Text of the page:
ISBN: 978-1-84950-868-1

Article
Publication date: 1 July 2005

Win Tadd and Paul Dieppe

This paper describes the creation of the educational materials developed as part of the Dignity and Older Europeans Project. Following a discussion of the development…

Abstract

This paper describes the creation of the educational materials developed as part of the Dignity and Older Europeans Project. Following a discussion of the development process, the materials themselves are described. The materials includes a poster of the dignity balance, which contains five core messages and illustrates the impact of both enhancing and violating individual dignity. The second product is a leaflet that also includes the dignity balance and lists of actions and approaches that will promote dignity or result in indignity. The final product to date is a multidisciplinary workbook which is described in some detail. The workbook Educating for Dignity provides a brief outline of the theoretical model of dignity, and four different sections based on the empirical findings:• understanding dignity• old age ‐ what is it like to be an older person?• dignity in care• the impact of the system.In each section quotations from participants, supplemented with images and cartoons, are used to illustrate various aspects of dignity. Readers are then set exercises to promote reflection about the issues raised. The workbook also contains a discussion of the exercises, an extensive bibliography and some policy implications. Finally, dissemination and use of the materials are explored.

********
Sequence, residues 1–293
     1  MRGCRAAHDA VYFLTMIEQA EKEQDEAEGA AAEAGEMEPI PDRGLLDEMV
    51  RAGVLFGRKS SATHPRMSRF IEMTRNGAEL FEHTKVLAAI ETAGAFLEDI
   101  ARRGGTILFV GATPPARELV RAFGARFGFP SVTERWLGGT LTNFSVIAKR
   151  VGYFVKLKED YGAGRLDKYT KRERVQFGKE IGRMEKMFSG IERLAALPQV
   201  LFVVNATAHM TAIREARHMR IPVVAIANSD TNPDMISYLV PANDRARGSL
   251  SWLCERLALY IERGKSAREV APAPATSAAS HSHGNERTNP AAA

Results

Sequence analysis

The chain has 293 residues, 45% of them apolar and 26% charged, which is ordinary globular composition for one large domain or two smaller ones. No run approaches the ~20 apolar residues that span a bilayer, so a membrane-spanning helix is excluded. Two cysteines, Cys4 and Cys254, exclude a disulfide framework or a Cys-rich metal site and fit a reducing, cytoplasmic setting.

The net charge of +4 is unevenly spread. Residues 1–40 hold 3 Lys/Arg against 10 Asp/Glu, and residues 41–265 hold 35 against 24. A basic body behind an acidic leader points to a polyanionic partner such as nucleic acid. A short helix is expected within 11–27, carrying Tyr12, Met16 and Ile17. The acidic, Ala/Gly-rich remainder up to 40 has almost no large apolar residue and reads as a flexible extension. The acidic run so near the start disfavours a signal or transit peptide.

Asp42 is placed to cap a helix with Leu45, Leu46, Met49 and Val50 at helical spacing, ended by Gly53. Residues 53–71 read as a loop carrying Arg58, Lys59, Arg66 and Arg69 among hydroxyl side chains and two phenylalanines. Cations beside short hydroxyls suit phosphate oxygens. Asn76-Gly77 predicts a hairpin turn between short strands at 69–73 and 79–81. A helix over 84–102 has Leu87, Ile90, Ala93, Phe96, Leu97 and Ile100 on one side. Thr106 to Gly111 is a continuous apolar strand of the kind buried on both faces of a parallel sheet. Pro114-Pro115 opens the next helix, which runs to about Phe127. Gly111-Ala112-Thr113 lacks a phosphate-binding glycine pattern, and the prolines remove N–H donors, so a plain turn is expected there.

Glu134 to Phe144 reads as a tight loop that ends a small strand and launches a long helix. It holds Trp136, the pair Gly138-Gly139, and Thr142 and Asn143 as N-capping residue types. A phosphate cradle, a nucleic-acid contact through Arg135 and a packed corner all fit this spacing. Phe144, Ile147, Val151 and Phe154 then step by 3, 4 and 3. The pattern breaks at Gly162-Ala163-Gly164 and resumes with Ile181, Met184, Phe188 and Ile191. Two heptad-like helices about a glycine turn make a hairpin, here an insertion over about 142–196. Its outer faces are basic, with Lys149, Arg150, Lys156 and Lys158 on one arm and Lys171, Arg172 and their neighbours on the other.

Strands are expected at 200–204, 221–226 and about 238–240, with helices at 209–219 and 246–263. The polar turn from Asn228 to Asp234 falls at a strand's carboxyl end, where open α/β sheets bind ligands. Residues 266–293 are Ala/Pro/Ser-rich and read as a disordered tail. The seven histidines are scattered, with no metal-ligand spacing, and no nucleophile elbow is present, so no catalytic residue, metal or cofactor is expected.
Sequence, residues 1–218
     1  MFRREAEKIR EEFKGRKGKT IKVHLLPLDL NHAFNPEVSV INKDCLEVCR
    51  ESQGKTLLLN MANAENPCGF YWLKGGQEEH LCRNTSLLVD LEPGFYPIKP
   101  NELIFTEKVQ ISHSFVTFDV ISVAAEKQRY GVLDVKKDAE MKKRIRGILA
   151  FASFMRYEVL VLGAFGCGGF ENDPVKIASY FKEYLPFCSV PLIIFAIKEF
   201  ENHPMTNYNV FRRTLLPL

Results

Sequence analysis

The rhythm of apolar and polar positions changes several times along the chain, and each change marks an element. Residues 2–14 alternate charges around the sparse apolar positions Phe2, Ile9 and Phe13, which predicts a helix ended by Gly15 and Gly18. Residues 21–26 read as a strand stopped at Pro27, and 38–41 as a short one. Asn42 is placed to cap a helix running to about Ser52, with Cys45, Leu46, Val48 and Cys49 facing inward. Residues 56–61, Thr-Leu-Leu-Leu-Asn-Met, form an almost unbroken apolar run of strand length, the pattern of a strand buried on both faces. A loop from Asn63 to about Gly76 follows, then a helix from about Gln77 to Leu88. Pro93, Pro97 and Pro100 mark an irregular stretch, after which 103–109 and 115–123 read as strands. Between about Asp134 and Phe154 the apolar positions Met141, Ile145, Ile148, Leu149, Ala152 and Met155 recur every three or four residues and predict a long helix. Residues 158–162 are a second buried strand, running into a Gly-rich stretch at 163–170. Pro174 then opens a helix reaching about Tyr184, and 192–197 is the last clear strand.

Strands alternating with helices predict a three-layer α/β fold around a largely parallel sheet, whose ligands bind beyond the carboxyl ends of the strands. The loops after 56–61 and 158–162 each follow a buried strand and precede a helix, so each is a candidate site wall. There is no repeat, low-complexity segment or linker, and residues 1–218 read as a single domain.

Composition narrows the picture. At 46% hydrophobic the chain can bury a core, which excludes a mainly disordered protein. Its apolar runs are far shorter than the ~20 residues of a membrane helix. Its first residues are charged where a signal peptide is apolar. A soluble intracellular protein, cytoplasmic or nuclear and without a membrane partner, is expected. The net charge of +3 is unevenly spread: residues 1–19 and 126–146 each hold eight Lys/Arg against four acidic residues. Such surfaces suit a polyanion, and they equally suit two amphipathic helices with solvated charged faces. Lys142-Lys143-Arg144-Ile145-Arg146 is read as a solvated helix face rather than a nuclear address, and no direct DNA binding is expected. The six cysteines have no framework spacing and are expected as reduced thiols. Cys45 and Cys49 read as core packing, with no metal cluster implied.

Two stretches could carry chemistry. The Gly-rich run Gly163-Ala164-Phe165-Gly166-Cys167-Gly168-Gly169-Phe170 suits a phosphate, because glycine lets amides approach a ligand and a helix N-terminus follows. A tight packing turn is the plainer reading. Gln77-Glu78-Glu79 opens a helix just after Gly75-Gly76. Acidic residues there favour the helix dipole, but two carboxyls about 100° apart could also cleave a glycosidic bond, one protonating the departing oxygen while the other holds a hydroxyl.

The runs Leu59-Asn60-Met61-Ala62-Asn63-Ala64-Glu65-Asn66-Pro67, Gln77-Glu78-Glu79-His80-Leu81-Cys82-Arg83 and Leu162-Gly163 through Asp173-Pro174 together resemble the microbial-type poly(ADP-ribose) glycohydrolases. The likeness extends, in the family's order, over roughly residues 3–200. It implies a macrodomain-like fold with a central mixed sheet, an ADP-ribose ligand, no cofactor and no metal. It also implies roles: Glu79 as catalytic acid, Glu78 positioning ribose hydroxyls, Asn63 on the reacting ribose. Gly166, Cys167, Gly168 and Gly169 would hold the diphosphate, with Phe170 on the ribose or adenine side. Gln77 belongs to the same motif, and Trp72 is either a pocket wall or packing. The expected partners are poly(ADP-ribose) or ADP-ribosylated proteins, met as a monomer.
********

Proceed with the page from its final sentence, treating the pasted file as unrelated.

Details

Quality in Ageing and Older Adults, vol. 6 no. 2
Type: Research Article
ISSN: 1471-7794

Keywords

1 – 10 of over 2000